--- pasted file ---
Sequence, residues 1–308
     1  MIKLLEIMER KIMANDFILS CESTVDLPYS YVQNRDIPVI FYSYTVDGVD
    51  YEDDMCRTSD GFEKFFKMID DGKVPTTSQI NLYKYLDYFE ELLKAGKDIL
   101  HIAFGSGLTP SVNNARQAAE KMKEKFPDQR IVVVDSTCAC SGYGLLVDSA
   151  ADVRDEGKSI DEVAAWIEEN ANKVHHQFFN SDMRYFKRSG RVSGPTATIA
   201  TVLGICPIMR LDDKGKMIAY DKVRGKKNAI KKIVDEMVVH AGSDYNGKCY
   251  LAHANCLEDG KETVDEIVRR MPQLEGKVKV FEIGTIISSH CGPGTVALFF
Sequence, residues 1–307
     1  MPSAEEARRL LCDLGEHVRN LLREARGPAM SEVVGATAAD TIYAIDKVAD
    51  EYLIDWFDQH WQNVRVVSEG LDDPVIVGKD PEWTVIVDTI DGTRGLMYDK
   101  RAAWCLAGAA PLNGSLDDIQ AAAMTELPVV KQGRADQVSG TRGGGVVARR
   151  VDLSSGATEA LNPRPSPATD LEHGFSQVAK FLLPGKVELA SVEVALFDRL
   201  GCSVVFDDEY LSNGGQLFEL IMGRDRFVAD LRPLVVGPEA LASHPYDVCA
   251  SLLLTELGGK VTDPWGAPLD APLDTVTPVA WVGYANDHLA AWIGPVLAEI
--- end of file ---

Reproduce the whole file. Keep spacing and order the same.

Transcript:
Sequence, residues 1–308
     1  MIKLLEIMER KIMANDFILS CESTVDLPYS YVQNRDIPVI FYSYTVDGVD
    51  YEDDMCRTSD GFEKFFKMID DGKVPTTSQI NLYKYLDYFE ELLKAGKDIL
   101  HIAFGSGLTP SVNNARQAAE KMKEKFPDQR IVVVDSTCAC SGYGLLVDSA
   151  ADVRDEGKSI DEVAAWIEEN ANKVHHQFFN SDMRYFKRSG RVSGPTATIA
   201  TVLGICPIMR LDDKGKMIAY DKVRGKKNAI KKIVDEMVVH AGSDYNGKCY
   251  LAHANCLEDG KETVDEIVRR MPQLEGKVKV FEIGTIISSH CGPGTVALFF
Sequence, residues 1–307
     1  MPSAEEARRL LCDLGEHVRN LLREARGPAM SEVVGATAAD TIYAIDKVAD
    51  EYLIDWFDQH WQNVRVVSEG LDDPVIVGKD PEWTVIVDTI DGTRGLMYDK
   101  RAAWCLAGAA PLNGSLDDIQ AAAMTELPVV KQGRADQVSG TRGGGVVARR
   151  VDLSSGATEA LNPRPSPATD LEHGFSQVAK FLLPGKVELA SVEVALFDRL
   201  GCSVVFDDEY LSNGGQLFEL IMGRDRFVAD LRPLVVGPEA LASHPYDVCA
   251  SLLLTELGGK VTDPWGAPLD APLDTVTPVA WVGYANDHLA AWIGPVLAEI